WHOSE VOTES COUNT? Affirmative Action and Minority Voting Rights By Abigail M. Thernstrom A Twentieth Century Fund Study Harvard University Press. 316 pp. $25
TWO YEARS AGO, Abigail Thernstrom produced dismay and a few hoots among civil rights activists by suggesting in a New Republic article that William Bradford Reynolds, the assistant attorney general for civil rights, was, in fact, not too conservative, but too liberal when it came to enforcing the Voting Rights Act. Now, Thernstrom has produced a book that expounds on her argument and adds the courts and Congress, as well as the U.S. Justice Department, to the list of those who have reneged on their responsibility to treat white, as well as black voters with an even hand.
Among men and women who have manned the trenches in the battle for black voting rights, she is likely to find few sympathizers. However, it is a sign both of changing times and of black progress that a less involved audience may find appeal in Thernstrom's view of the Voting Rights Act as a legislative good work run amok.
In Whose Votes Count?: Affirmative Action and Minority Voting Rights, Thernstrom -- a senior research associate at the Gordon Public Policy Center of Brandeis University -- correctly argues that there have been "breathtaking changes in southern politics" in the 22 years since the Voting Rights Act became law. She is also on target on her identification of the act as a radical solution that has become more, not less, intrusive with each amendment and extension.
Where Thernstrom and traditional civil rights forces will part company is in her assertion that the act is now grounded in an unconstitutional premise. Since its passage in 1965, she says, there has been "a profound transformation of the act." No longer is the goal to make sure that all citizens can walk, unhindered, into a voting booth and pull a lever. Now, Thernstrom contends, the underlying proposition is that blacks deserve proportional representation. If 50 percent of the citizens of a city or town are black, then 50 percent of the offices should be held by black officials.
Overzealous judges and administrators, coupled with misguided congressmen, have transformed the act, says Thernstrom, "from the first truly effective vehicle for southern black enfranchisement to a means by which political power is redistributed among blacks, whites, and (since 1975) Hispanics." Her particular concerns are with Section 5, which has been used to halt annexations, redistrictings and a variety of electoral changes judged discriminatory to blacks, and Section 2, cited in a series of recent court cases which threaten to make at-large electoral systems extinct in the South.
"An alleged voting rights violation today is a redistricting plan that contains nine majority black districts when a tenth could be drawn . . . A maximum number of safe minority districts -- or close to it -- has become the rule in an electoral landscape from which at-large voting is being systematically cleared," Thernstrom writes. "The question is: how much special protection from white competition are black candidates entitled to?"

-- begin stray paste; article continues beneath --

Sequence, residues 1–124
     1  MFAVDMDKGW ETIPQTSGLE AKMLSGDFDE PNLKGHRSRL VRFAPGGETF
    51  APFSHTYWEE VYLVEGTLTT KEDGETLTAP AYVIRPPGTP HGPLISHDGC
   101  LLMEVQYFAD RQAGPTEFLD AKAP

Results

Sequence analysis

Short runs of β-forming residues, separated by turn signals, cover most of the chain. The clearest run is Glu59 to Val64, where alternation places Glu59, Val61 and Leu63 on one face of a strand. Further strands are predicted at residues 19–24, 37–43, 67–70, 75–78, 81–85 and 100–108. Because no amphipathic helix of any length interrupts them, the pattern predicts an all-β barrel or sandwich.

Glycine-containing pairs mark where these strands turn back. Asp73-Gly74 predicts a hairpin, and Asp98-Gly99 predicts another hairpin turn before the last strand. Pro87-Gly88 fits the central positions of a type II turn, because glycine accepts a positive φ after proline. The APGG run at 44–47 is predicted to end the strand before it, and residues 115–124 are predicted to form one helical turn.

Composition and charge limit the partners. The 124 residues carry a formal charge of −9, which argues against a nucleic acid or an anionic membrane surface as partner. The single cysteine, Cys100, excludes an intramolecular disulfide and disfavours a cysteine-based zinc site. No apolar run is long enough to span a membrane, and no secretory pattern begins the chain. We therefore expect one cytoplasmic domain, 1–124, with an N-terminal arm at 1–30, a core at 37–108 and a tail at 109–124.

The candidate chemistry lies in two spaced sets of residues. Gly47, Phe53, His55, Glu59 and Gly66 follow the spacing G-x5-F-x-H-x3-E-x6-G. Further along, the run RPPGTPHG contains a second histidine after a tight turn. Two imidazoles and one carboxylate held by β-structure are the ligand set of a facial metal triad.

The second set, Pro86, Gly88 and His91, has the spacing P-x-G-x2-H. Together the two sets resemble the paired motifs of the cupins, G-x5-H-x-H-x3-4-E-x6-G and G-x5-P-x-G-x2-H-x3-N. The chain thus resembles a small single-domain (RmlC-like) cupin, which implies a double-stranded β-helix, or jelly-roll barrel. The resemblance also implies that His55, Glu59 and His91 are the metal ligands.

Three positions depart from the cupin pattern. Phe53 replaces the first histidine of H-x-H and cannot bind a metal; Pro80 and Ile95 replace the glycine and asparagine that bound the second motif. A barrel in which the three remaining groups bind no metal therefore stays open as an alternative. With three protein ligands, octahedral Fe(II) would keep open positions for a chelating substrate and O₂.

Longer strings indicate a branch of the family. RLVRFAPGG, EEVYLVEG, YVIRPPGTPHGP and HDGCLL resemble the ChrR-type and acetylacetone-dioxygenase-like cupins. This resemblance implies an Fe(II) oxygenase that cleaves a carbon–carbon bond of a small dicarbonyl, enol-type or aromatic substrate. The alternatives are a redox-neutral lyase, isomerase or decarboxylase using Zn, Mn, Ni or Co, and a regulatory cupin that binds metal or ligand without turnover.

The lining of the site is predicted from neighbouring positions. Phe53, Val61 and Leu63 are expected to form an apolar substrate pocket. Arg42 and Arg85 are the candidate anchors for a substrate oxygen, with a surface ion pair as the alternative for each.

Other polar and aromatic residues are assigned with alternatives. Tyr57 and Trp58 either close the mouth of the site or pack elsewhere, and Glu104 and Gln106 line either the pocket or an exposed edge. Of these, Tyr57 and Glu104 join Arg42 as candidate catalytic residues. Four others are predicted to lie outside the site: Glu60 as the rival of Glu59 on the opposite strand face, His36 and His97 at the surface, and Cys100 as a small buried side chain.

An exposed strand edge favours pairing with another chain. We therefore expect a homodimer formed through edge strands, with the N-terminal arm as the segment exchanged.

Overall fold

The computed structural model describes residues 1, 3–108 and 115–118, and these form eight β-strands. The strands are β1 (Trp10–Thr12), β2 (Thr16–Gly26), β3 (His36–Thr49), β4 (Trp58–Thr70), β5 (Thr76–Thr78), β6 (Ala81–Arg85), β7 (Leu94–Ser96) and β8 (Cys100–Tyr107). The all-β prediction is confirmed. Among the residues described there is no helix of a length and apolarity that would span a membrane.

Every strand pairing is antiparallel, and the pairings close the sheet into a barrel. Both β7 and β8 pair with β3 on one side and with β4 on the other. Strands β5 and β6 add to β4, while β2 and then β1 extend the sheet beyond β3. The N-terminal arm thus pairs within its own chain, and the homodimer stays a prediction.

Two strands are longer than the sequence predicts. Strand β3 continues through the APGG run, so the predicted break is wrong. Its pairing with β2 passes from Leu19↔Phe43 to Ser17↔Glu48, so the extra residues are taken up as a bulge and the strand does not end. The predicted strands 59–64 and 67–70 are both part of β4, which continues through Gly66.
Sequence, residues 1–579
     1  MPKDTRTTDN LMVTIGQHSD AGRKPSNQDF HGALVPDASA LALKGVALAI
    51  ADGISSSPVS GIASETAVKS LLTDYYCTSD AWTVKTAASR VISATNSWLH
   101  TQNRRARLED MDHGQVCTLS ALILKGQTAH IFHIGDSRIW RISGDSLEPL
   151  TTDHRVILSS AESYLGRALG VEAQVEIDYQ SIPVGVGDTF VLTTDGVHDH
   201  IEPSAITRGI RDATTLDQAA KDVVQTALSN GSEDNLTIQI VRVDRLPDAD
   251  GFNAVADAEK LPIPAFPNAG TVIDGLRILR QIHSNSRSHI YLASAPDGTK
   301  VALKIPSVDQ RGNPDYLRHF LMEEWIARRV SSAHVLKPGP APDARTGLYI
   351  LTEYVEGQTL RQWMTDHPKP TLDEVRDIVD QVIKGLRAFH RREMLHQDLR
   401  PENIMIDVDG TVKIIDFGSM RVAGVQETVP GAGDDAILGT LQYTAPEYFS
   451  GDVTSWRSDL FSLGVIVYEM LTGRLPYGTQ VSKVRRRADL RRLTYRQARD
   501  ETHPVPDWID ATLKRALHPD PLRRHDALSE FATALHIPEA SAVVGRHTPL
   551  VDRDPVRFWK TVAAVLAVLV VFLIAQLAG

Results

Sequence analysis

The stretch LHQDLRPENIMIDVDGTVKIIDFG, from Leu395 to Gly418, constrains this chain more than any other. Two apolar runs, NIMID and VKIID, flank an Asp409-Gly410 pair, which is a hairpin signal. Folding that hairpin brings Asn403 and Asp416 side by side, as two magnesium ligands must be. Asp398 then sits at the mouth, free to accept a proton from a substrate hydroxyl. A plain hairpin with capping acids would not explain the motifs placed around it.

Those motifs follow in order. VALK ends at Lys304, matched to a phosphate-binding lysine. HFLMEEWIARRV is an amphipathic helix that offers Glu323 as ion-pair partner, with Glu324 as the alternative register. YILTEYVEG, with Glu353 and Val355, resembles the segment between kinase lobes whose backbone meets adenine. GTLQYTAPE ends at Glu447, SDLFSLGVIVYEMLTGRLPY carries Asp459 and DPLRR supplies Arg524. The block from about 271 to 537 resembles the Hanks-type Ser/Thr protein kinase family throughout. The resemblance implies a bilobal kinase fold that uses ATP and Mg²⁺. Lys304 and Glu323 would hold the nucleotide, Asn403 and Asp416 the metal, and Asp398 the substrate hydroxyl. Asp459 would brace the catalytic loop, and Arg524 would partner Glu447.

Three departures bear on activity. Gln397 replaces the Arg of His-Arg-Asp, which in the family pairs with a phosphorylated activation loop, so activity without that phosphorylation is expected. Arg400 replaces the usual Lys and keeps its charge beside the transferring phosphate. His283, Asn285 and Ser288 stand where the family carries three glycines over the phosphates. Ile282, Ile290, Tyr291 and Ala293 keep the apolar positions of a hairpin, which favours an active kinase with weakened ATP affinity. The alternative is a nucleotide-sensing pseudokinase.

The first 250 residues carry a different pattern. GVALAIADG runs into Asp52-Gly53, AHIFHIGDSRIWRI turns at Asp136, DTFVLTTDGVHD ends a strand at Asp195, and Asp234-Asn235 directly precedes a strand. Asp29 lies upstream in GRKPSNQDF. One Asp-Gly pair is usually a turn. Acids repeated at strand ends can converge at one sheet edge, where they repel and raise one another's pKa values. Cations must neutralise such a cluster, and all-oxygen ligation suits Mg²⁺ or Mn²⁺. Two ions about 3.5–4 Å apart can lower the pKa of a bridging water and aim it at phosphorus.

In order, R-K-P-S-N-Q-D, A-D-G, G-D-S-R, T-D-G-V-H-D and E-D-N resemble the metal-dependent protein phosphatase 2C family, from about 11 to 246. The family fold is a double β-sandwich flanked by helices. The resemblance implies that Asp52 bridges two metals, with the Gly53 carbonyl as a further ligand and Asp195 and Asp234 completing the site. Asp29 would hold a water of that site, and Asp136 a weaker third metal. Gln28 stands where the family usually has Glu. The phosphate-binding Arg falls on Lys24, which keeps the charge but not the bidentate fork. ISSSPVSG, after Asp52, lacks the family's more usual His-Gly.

It is in answering that question that Thernstrom falls prey to some of the vagueness and confusion of which she accuses Congress, the courts and the Justice Department. She recognizes that a law which protected only the right to register and vote would be too simplistic. If the overall system of elections in a community has been designed specifically to keep power in white hands, then the structure should be changed, Thernstrom acknowledges.
However, she writes, "only when black voters are 'isolated' within the political system -- only when the electoral process is distorted by racism" should there be the sort of special protection the Voting Rights Act now affords. "Isolated" and "distorted" hardly seem more objective measures than criteria currently in use.
Thernstrom is clear in identifying certain situations where she believes the Voting Rights Act should not have applied. She cites, for example, the case of Charleston, S.C. That city was forced, under the Voting Rights Act, to switch from at-large to district voting because a series of annexations had reduced the black population by a mere 2 percent. The fact that the change to districts has produced a biracial city government, far more reflective of the city's racial makeup, is no justification for intruding on local prerogatives, in Thernstrom's view.
What remains unclear is whether dozens of other localities -- from Edgefield County, S.C., to Greenwood, Miss. -- would have undergone political change had the Voting Rights Act been structured in Thernstrom's mold. Could local blacks have proven, as Thernstrom would have them do, that "considerations of race dominate the electoral process?" The history of legal challenges, at least in Edgefield County and Greenwood, leaves considerable doubt. Yet in those locales, despite a population that was half-black, not a single black officeholder had been elected to the county's governing board until a change in election structure was ordered under the Voting Rights Act.
Thernstrom brands the Voting Rights Act as "a controversial policy that has somehow stirred no controversy." At least in academic circles, her book -- while cumbersome reading at times -- may help fuel the debate she seeks.
Margaret Edds, author of "Free At Last: What Rally Happened When Civil Rights Came to Southern Politics," is a political reporter for The Virginian-Pilot of Norfolk.